Archive for February, 2012
Milgram’s study is rated as the 8th most unethical experiment according to the American Government and if often spoken about as a study, which damaged people to a point that questioned the scientific reputation of psychology, however, when Milgram’s study is broken down, it is actually one of the few studies that maintained ethical guidelines. Therefore I am arguing the point that Milgram’s study should of taken place.
The psychological impact that Milgram’s study as had, has provided psychology with many long lasting theories into obedience and the effect of an authoritative figure. Further studies have also taken place which have supported Milgram’s findings, Hoffling (1966) conducted research into the obedience levels of nurses given instructions over the phone, they were told that they were speaking to a doctor and ordered to give a dangerous dosage of medicine to a sick patient, nurses are told never to carry out instructions given out over the phone. However, 21 out of the 22 nurses carried out the order, even though previously, 22 had filled out a questionnaire stating they would never carry out phone instructions. This study supports Milgram’s findings that obedience levels often increase when an authoritative figure is present.
Milgram’s study did actually meet all ethical guidelines:
Consent– all participants consented to the study and filled out a form before taking part.
Right to withdraw– participants were told that they could withdraw at any time and would still be paid for their participation, although they were encouraged to carry on throughout the study, if they requested to leave 3 times then they were allowed to do so, it is important to take note that only 60% continued to the end.
Debrief– participants were fully debriefed after the experiment and nobody left believing that they had actually harmed anyone. Milgram’s debriefing process actually extended and the participants were looked after beyond the ending of the experiment.
Protection– participants were protected throughout the study and afterwards by the debriefing process
Deception– deception had to take place in this experiment, like in many other experiments for the outcome to be true. If the participants knew they weren’t really shocking anyone, then they would have carried on until the end knowing they weren’t causing harm.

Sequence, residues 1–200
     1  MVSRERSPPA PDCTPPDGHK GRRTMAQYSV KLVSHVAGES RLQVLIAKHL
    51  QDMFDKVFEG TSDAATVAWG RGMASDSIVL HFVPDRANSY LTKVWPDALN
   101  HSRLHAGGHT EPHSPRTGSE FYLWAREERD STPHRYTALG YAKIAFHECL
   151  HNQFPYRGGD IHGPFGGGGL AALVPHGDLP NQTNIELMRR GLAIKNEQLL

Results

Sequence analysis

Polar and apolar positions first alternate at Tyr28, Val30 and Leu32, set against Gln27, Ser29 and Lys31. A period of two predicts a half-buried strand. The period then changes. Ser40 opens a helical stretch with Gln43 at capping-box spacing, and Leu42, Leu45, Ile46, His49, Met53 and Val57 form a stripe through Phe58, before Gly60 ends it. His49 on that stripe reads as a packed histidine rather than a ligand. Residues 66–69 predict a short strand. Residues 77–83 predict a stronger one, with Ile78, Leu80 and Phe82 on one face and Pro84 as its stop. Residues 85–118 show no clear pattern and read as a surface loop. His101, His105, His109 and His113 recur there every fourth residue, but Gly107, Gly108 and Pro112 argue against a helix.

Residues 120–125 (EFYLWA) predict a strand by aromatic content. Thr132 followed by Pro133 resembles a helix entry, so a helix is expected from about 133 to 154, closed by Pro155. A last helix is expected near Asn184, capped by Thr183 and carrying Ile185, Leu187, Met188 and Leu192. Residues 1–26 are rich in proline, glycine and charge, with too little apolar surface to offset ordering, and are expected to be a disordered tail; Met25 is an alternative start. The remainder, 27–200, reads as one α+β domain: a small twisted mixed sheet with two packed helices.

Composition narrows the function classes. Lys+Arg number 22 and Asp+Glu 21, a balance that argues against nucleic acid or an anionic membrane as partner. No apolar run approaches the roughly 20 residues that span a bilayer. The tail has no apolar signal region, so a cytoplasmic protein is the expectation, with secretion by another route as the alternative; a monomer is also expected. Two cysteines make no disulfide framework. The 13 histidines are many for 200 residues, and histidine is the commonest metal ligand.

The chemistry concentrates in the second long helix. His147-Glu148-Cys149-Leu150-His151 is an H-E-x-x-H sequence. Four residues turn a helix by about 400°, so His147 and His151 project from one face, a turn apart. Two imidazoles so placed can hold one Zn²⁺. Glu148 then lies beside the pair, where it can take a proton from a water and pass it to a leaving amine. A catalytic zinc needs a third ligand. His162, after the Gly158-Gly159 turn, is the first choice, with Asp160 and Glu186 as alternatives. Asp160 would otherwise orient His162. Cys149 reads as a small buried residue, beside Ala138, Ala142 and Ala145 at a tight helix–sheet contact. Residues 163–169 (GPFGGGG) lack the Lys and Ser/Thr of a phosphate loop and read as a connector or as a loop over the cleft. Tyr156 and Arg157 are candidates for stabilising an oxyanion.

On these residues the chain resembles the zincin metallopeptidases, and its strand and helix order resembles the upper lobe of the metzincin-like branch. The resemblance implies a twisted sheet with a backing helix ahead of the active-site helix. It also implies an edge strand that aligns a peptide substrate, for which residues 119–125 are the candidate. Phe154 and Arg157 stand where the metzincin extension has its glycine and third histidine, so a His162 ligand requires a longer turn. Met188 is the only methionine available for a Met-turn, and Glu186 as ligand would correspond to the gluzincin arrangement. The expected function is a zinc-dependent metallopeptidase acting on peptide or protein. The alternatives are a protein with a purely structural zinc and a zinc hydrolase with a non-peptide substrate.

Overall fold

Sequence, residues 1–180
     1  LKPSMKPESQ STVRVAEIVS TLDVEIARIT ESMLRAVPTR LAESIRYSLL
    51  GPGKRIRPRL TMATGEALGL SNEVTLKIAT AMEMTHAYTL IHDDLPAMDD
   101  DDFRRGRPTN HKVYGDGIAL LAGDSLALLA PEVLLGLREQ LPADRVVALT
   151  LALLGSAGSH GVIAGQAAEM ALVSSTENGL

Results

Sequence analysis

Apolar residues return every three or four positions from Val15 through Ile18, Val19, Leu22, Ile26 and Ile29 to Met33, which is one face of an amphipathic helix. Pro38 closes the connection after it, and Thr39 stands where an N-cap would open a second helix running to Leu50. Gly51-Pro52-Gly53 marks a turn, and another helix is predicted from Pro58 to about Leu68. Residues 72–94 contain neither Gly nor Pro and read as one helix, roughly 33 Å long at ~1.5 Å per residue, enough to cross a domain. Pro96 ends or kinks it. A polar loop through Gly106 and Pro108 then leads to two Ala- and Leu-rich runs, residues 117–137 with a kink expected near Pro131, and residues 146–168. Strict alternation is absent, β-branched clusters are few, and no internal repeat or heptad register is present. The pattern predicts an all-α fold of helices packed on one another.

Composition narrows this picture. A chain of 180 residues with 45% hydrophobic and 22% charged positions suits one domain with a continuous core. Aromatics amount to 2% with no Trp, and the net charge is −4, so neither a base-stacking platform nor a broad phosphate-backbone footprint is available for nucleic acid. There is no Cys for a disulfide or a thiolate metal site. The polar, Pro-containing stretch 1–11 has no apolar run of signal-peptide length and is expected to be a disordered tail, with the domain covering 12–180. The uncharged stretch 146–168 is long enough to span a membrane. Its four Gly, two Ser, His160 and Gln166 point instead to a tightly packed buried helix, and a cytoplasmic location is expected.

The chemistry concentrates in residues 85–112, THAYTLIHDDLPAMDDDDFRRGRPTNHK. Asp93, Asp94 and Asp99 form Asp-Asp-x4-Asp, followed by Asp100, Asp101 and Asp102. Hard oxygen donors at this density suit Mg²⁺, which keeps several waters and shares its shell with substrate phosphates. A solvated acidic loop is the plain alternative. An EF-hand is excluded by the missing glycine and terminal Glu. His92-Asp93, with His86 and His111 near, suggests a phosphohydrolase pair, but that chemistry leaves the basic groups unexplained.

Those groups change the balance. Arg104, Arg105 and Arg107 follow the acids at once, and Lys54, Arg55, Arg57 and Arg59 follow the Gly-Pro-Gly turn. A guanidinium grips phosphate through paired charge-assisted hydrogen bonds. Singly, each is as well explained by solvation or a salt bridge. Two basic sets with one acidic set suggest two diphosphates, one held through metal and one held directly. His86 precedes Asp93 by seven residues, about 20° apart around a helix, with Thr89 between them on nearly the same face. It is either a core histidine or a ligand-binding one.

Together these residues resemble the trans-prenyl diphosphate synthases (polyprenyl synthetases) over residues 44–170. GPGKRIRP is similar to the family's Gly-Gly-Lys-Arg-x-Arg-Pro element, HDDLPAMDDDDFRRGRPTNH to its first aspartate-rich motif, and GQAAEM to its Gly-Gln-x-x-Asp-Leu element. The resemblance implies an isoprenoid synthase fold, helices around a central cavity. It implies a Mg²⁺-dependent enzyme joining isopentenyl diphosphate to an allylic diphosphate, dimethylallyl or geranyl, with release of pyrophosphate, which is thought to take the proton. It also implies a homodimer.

Confidentiality– the confidentiality of the participants was kept at all times during the experiment and even after, when Milgram wanted to release the video footage, he contacted each participant separately to get their approval, anyone who did not wish to be shown was blanked out.
It is also worth a note that Milgram presented his experiment in front of a team of psychologists and psychiatrists who all agreed that his experiment should take part and would not harm anyone indefinitely (also worth a note that they originally said this as they believed his experiment would have no significant findings) even after the experiment they believed that it should of taken place and did not cause any harm to any participants, it was agreed that Milgram took care of all participants to the best of his ability.
So in conclusion although Milgram’s study has been marked as unethical and when taught in A level psychology, it taught as the most horrific experiment that has taken place, when we compare this to studies such as ‘the Monster Study’ and the ‘Zimbardo Prison Experiment’ Milgram’s study did not break any ethical guideline rules and also has enabled psychology to work on his theories of obedience even more so.
So this week I decided to do quite a simple blog, but on a topic that I’ve always struggled to get into my brain. Every experiment and every piece of research talks about variables in varying terminology yet is always something that confuses me each time I read about them. Obviously I understand the dependent and the independent variable. However, when reading through my Andy Field book (having a particularly nerdy moment, it has to be said that these are rare) I’ve come across different types of variables that I’ve never really heard of before.
A binary variable- there are only two categories, for example; yes or no.
It has to be said, that the following I have actually heard of, but I always get confused between which ones should be applied to which research. I’ve included these in my blog in the hope that others like me, who may get slightly more confused than the average population will be able to gain a greater understanding.
A nominal variable- there are more than two categories
Ordinal variable- these are the same as a nominal variable but they have a logical order
Interval variable- equal intervals on the variable represent equal differences in the property being measured
Ratio variable- the same as an interval variable, but the ratios of score on the scale must also make sense.
Variables can also be split into continuous and categorical; binary, nominal and ordinal are all categorical whereas interval and ratio are continuous.
Continuous means that the entities get a distinct score and categorical means that the entities are divided into distinct categories.
So, hopefully after reading this you’ll have gained more of an insight into the wonderful topic of variables.. or just revised something you may have already known. For those of you who may want to read more about variables then its all in Andy Fields ‘Discovering Statistics Using SPSS’ book, or have a look at this website http://www.socialresearchmethods.net/kb/variable.php which explains things quite well too 🙂